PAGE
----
On January 9, University of Utah alum George (Jud) Daniels, FAIA and co-founder of Salt Lake City-based architectural design firm EDA, passed away at age 94.
Daniels helped introduce architectural modernism to Utah. “Jud’s influence still resonates today,” said EDA Managing Principal Thomas Brennan. “As heirs to the firm that he and Ralph Edwards founded, we’re proud to carry his legacy of progressive, regionally relevant, community-focused, and environmentally responsive design forward.”
Born on September 2, 1927, in Salt Lake City, Utah, Daniels was a proponent of meaningful, regionally relevant modern design, with significant local projects like The University of Utah Fine Arts and Architecture Complex, The Leonardo Museum (formerly Salt Lake City Public Library), Cottonwood High School, and Carbon High School. A 2009 article for the Utah Heritage Foundation by local architect Ken Pollard listed Daniels as part of “Salt Lake City’s architectural tree of modernism,” highlighting his and others “unique perspective with an interesting and direct tie to the leaders of the modern movement.”*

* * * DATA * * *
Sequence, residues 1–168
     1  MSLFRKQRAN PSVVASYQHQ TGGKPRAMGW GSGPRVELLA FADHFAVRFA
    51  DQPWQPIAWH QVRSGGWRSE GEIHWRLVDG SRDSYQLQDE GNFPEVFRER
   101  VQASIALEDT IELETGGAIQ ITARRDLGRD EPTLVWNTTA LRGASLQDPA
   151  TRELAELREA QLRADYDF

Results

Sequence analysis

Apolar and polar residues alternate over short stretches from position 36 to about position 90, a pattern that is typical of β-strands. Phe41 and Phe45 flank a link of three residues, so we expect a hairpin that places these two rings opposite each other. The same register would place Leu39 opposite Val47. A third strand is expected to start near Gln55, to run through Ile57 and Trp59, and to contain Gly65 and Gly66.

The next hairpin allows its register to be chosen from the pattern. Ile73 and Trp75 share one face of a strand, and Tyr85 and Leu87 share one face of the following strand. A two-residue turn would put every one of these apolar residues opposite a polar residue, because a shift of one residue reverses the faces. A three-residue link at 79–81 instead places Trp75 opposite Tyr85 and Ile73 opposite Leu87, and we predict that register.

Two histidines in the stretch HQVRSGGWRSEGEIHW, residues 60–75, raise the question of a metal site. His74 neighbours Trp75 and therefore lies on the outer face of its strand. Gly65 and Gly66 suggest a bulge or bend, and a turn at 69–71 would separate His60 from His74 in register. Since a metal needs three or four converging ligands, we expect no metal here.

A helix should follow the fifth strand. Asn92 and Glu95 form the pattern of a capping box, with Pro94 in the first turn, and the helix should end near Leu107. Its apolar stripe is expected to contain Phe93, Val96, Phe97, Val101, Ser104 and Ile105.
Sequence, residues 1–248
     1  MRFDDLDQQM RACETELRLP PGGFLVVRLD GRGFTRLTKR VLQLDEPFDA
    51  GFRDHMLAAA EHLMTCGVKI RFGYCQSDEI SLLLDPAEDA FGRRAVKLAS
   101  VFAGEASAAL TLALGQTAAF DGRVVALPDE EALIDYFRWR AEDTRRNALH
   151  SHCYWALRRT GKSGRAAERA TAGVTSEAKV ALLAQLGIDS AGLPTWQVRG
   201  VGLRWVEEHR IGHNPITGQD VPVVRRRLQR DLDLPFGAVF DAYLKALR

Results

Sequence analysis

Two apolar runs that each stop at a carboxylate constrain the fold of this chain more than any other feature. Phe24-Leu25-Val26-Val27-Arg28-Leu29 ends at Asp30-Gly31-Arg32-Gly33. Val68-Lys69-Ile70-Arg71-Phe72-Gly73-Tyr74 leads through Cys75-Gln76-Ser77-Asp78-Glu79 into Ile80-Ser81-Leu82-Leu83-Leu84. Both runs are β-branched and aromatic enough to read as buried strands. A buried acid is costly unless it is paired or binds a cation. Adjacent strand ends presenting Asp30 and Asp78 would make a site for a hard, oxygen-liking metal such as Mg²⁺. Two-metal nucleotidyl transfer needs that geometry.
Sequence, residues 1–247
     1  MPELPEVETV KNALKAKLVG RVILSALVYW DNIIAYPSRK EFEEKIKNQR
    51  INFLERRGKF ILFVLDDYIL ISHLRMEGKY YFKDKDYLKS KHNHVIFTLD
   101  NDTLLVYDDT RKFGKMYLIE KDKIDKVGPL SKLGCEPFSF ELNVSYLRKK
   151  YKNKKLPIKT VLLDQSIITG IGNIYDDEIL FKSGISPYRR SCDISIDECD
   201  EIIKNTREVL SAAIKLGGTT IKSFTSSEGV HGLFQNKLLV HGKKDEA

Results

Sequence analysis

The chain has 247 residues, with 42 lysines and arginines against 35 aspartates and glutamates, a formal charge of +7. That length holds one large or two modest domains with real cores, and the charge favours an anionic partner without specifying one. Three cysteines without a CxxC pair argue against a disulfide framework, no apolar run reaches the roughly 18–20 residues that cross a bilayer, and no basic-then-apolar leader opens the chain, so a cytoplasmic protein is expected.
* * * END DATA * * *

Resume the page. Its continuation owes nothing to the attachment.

During his career, Daniels was a dedicated supporter and mentor to many young architects. “I considered Jud to be a mentor, partner, and friend,” said retired EDA Principal Burke Cartwright. “I look back on our time working together and think of him being quietly supportive and kind. His body of work is enviable. It is thoughtful, restrained and enduring; qualities, in my mind, that represent some of the best in architecture.”
Designed by Daniels in 1971, the Fine Arts and Architecture Complex at the University of Utah became one of the finest visual arts centers in the country. The building with 140,000 square feet, included studio workshops, exhibition galleries, and a museum. The structure was designed in the Brutalist style yet done with an elegant counterpoint of glass and warm materials of brick and wood to contrast with the dominant concrete. In 2006, the building received the AIA Utah Chapter’s 25 Year Award. “As the University has grown around it, the clarity of this building’s design has allowed it to adapt and be rethought by subsequent generations,” said Keith Diaz Moore, Dean of the College of Architecture & Planning. “It remains to this day reflective of the thoughtful and restrained architecture characteristic of Jud Daniels’ career.”
More than 50 years on, the Fine Arts and Architecture Complex continues as the elegant home for both the College of Fine Arts and the University of Utah College of Architecture + Planning.
*Pollard, Ken. “Understanding the Roots of Salt Lake City’s Modern Architecture.” Heritage Newsletter, Utah Heritage Foundation. 2009. Page 5